My research involves fieldwork on rocky shores in the Gulf of Maine, which means I spend a lot of time driving and working along the Maine coast. You can read about my other adventures in Maine here.
Last week I was in Lubec, ME setting up field sites and collecting snails (wildlife sighting highlight: a porcupine!). I study intertidal snails, which means they are underwater during high tide and exposed during low tide. This also means that I can only access my sites and do my fieldwork when the tide is low. Last week low tide was early in the morning and again in the evening, which left me with a big chunk of time during the middle of the day when I couldn’t work in the field.
During one of those mandatory fieldwork intermissions I decided to check out the (tiny) town of Lubec. After satiating my hunger at the “Downeast Dogs” hot dog stand, I came across the McCurdy Herring Smokehouse Museum. In the museum I learned about the steps required to make smoked herring and I got to try my hand at the process (or at least pretend to) using stuffed fish. First, the fish were pumped out of the boats into the pickling shed where they were brined (soaked in very salty water). Next, the fish were strung onto sticks and allowed to air dry outside. After that, the fish were moved into the smokehouse. Finally, the fish were skinned, boxed and shipped to their destinations.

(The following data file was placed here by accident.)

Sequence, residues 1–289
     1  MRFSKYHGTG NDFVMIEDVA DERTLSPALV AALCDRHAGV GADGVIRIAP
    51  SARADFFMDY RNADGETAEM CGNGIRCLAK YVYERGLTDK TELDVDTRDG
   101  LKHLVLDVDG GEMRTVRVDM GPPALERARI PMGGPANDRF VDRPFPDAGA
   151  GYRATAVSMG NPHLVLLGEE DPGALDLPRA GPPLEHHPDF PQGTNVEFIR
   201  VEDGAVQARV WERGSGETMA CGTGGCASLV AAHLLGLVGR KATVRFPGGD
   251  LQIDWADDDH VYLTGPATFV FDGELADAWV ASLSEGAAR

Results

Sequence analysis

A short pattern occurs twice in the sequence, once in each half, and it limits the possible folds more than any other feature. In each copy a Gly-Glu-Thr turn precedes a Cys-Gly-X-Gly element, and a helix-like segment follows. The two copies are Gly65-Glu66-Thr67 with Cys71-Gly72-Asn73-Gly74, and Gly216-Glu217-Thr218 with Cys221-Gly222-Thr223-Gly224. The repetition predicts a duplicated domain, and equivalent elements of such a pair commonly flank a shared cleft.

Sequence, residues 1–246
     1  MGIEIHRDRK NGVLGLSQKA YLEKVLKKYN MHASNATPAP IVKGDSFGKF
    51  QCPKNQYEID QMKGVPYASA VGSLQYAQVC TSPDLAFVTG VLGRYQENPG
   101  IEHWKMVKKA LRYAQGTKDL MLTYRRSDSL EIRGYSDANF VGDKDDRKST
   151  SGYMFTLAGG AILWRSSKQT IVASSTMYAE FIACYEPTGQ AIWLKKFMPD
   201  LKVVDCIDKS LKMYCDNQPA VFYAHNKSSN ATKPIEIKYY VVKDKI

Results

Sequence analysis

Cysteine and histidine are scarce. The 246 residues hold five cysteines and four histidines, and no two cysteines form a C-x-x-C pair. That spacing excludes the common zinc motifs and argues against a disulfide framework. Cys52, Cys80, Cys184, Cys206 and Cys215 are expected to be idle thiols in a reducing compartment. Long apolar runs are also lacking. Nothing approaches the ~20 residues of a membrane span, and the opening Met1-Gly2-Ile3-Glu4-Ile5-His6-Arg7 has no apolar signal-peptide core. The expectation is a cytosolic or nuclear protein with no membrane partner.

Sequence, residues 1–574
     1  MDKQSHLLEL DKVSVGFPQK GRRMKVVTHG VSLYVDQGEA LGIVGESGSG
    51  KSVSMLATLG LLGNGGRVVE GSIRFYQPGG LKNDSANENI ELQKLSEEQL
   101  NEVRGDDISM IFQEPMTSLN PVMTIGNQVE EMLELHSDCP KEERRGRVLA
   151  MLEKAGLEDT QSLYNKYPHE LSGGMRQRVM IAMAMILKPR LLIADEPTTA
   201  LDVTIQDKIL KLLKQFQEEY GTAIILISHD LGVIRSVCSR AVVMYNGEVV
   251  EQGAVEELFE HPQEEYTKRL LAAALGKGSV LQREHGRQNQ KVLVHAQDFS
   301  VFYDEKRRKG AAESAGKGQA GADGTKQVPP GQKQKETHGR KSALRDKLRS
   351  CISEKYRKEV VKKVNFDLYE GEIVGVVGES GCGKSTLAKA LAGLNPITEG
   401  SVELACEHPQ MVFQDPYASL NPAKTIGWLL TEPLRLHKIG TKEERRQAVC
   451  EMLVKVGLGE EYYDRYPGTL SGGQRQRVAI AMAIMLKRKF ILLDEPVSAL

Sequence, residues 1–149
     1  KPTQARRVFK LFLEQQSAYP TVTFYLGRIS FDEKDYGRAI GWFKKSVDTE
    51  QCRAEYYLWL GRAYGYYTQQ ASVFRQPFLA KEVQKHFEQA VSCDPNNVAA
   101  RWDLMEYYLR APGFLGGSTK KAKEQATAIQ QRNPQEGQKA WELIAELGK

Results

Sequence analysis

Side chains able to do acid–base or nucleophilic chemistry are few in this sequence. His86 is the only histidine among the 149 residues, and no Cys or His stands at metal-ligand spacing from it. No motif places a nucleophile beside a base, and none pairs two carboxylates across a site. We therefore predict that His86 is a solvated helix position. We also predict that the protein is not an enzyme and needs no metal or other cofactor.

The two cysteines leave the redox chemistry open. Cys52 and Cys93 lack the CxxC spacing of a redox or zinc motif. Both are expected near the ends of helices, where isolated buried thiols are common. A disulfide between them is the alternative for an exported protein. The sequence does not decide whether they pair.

You can learn more about McCurdy’s Smokehouse here!